On May 23, 2011, Microchip Technology and Digilent Inc. announced the release of two new development boards, the chipKIT UNO32™ and the chipKIT MAX32™. Both of these boards featured Microchip Technology’s PIC32 Microcontrollers that utilize the MIPS® M4K 32-bit Core.
These two platforms were developed specifically to introduce 32-bit functionality to the Arduino™ community that up until that time was limited to 8-bit. Special attention was made during the development to ensure users could move into the 32-bit space while still enjoying the code references, application examples and other resources that exist on the main Arduino™ site with little to no modification.
Here is a dangerousprototypes.com interview on the history and start of chipKIT with some core team members.
Over the past 5 years, several independent consultants, developers and companies have joined the team. As of January 2016, approximately 25 chipKIT-compatible boards have been released. 17 of those are base boards or industrial controllers, and 8 are expansion boards or “shields.” A large number of classic Arduino shields are also compatible with chipKIT base boards.
The chipKIT boards were designed to be form-factor compatible with existing Arduino™ boards. This includes outer dimensions, mounting hole placement, and so on. The pin-out has been designed to match the modelled board as closely as possible. The PIC32 MCUs populating the chipKIT boards are 3.3V devices, meaning that as long as the shield can operate at this voltage level, chances are you can run it on the chipKIT board. Keep in mind that all pins on the chipKIT boards are 5V tolerant. For additional tips and information concerning using 3.3V devices in a 5V world, please see the Microchip 3V Tips ‘n Tricks Document. Users should always check a board and/or shield manufacturer’s documentation and specifications to determine compatibility before purchasing the product. If you have any questions or doubts, contact the manufacturer for the particular chipKIT board you are using.
Great efforts have been taken to port Arduino™ core functions and libraries to work on the chipKIT Platform. This means many sketches and application examples making use of these core functions and libraries should be interchangeable between Arduino™ and chipKIT boards.
The chipKIT Team was founded by Gene Apperson of Digilent, Rick Anderson and Mark Sproul of FUBAR Labs, and Marc McComb of Microchip. It is a consensus-driven organization that is committed to the principles of open-source development.
Contributing members include the Founders just mentioned, along with Sharon Baker, Steve Bible, Jacob Christ, Jeremy Cobb, Jose Diaz, Marius Geanta, Chuck Hellebuyck, Matt Jenkins, Jason Kajita, Josh Ian Lindsay, Sergey Pavlov, Brian Schmalz, Priya Selvaganesan, Michael Skoczen, Tony Stram, Larissa Swanland, Rich Testarde, Keith Vogel, Jay Weeks, and Adam Wolf.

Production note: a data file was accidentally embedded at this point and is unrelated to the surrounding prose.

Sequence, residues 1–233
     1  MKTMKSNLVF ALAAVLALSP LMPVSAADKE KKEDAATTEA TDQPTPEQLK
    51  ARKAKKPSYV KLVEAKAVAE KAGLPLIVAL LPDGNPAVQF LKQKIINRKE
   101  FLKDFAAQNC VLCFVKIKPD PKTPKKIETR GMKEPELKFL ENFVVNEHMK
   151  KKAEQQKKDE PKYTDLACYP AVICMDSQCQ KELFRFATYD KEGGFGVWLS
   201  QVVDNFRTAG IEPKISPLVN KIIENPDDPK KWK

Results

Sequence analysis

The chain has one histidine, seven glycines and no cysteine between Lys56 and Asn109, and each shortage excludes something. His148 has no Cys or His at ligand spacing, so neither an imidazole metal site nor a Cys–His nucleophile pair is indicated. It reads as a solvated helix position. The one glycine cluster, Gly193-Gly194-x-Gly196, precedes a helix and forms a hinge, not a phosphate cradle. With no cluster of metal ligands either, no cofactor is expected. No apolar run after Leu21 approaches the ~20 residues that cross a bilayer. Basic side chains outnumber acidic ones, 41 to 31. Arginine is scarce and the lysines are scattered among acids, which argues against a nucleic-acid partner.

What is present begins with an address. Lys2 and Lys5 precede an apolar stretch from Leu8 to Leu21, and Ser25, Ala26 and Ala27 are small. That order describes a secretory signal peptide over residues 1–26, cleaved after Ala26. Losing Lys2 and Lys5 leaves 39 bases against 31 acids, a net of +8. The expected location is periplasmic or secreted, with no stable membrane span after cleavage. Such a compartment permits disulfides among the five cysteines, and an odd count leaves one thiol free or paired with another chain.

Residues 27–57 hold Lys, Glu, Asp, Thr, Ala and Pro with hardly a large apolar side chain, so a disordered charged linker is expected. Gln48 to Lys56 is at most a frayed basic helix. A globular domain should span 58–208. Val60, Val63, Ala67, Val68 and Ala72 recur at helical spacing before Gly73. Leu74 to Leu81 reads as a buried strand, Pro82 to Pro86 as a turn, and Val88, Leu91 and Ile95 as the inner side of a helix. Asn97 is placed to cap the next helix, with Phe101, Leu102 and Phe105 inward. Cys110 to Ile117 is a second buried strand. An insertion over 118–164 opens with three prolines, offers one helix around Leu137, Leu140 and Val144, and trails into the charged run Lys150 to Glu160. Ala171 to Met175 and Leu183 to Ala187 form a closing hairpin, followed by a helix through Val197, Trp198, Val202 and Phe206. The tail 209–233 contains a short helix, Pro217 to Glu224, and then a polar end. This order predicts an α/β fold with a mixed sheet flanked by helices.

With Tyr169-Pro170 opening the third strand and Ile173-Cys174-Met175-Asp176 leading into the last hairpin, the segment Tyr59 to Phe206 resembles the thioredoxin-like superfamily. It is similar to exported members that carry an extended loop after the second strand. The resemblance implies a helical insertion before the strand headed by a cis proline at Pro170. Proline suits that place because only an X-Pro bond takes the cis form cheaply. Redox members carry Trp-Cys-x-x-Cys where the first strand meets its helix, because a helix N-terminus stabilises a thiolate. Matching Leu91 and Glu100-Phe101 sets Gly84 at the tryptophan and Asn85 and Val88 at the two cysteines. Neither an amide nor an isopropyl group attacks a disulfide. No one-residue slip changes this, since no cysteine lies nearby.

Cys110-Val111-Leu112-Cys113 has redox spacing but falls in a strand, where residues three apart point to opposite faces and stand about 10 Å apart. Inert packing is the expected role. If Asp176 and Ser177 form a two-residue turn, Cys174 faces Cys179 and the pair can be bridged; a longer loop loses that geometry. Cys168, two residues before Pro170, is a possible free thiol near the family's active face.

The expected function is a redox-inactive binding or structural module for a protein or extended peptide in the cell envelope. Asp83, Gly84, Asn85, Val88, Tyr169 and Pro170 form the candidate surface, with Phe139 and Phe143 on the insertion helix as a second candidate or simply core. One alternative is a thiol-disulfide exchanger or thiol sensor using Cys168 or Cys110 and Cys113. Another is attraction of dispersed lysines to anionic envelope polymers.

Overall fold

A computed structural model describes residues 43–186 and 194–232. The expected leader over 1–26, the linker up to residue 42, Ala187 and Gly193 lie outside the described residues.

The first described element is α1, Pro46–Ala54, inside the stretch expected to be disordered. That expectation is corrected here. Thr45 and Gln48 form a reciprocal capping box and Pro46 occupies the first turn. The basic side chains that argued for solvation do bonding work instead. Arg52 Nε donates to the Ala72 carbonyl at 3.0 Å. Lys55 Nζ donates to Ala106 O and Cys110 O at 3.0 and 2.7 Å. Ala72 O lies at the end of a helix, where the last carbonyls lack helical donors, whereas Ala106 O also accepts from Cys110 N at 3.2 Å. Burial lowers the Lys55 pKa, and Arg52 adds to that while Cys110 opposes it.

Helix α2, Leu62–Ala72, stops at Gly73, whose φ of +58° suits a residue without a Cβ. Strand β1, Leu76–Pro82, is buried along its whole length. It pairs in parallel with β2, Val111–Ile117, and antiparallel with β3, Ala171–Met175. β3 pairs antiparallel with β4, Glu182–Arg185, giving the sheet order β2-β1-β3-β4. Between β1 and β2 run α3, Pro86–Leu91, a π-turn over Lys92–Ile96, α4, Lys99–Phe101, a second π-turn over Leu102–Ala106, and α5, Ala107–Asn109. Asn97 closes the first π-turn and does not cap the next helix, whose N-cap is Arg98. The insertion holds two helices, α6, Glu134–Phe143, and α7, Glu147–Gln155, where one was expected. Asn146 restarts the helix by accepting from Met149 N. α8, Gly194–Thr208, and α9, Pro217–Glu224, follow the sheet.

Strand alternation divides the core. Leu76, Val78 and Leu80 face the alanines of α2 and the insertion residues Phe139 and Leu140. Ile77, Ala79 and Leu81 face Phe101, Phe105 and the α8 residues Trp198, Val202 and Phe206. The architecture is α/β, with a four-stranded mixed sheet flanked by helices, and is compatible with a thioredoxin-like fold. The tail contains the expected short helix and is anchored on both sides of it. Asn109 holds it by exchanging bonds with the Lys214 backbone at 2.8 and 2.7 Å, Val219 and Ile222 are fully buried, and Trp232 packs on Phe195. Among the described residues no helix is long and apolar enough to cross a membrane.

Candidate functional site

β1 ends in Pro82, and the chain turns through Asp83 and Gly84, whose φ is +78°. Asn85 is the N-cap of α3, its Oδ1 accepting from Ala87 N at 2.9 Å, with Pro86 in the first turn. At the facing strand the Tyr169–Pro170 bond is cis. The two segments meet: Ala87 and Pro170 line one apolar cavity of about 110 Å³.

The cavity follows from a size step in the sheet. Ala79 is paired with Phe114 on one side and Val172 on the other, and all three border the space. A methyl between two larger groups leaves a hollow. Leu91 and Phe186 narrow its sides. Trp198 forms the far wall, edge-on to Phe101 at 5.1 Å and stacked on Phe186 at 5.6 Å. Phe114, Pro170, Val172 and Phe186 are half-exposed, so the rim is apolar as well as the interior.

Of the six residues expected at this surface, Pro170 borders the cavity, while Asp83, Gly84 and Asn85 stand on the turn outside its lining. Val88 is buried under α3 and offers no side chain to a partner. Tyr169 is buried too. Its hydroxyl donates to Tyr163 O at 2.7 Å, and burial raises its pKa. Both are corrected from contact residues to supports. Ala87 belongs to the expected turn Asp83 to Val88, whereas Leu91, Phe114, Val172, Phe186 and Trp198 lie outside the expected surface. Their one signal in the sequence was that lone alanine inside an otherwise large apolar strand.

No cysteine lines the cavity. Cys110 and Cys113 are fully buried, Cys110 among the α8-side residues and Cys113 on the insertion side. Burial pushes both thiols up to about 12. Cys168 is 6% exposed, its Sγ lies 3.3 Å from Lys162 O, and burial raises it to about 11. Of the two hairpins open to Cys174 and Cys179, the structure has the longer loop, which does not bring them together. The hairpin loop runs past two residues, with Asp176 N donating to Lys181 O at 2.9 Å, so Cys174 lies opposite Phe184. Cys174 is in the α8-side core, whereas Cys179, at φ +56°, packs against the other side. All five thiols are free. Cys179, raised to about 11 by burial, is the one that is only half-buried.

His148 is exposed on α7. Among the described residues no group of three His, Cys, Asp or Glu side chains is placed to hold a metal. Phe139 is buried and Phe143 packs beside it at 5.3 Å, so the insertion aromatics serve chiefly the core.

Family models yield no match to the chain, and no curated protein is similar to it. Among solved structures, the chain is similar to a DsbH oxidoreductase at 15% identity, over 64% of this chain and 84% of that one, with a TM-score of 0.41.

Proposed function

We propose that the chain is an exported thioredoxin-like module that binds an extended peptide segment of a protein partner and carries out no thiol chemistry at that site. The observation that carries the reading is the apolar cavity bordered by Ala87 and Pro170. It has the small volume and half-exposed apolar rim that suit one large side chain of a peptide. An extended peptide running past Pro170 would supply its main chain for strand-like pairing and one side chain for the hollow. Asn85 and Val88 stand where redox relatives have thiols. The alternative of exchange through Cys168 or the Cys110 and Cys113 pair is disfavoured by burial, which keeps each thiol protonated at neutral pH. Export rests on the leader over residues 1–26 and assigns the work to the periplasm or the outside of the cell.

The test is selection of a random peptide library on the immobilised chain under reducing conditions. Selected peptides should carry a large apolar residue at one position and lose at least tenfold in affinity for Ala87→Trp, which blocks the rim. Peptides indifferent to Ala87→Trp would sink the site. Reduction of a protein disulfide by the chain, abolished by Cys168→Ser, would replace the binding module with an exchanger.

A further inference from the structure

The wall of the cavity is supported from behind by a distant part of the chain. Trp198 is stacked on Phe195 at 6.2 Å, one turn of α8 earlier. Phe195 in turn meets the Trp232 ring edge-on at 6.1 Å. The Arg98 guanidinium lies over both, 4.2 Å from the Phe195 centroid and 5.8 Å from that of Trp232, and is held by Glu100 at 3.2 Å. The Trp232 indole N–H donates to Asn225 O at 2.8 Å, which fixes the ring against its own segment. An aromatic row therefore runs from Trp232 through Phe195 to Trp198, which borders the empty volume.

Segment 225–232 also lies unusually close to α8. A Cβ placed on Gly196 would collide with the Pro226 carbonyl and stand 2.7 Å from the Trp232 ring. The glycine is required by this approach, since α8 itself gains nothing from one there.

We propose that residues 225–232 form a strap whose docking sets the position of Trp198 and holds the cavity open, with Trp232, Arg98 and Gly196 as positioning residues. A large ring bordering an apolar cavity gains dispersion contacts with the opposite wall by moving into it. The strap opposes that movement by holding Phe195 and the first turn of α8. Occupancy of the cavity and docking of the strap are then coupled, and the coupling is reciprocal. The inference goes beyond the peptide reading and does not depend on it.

Supporting members include Derek Carlson, Clint Cole, Denise Eribes, Joe Harris, Barbara Kearney, Cheri Keller, Guy McCarthy, Dave Paloian, and Vince Sheard.
In order to maintain compatibility with the existing code and resources in the Arduino™ community, it was important to create a seamless transition for the user from their existing Arduino™ boards to the chipKIT platform. Experienced Arduino™ IDE developers Mark Sproul and Rick Anderson from the Fair Use Building and Research Labs in Central New Jersey provided the necessary skills and experience.
In the later half of 2010, Mark Sproul began the arduous task of porting software source files and modifying the existing bootloader from a fork of the existing Arduino™ 0022 IDE while Rick Anderson made changes and improvements to the IDE itself.Rick’s efforts resulted in the creation of a modified version of the Arduino™ 0022 IDE that was renamed Multi-Platform or MPIDE as it could be used with both the chipKIT boards and existing Arduino™ boards, further abstracting the Microcontroller architecture from the user.
For many years MPIDE was the official chipKIT development environment. Along the way several other embedded IDEs have added support for chipKIT boards, including UECIDE, Xcode (via EmbedXcode), LabView LINX, and Visual Studio (via Visual Micro). In 2015, the team revised the MPIDE distribution to create the chipKIT core, which is a plug-in for the official Arduino IDE v1.6.7 and later versions. As of January 2016, MPIDE will remain available in archive form but will no longer be actively developed.
Populated with Microchip Technology’s PIC32 32-bit microcontrollers, the chipKIT embedded platform brought unprecedented performance, memory expansion and peripheral features to the Arduino™ community for the first time.
Processor speed on chipKIT boards varies from 48 MHz to 200 MHz, with Flash memory sizes ranging from 128KB to 2048KB. RAM memory varies from 16KB–on the now discontinued chipKIT Uno32 (replaced by chipKIT uC32)–to 512KB on the chipKIT Wi-FIRE.
The PIC32 microcontroller family offers many advantaged features for chipKIT developers such as Ethernet/USB/CAN connectivity, 50 MHz Serial Peripheral Interface (SPI), Floating Point Unit (FPU) for fast single- and double-precision math, and 12-bit, 18 MSPS Analog-to-Digital conversion with up to 48 channels.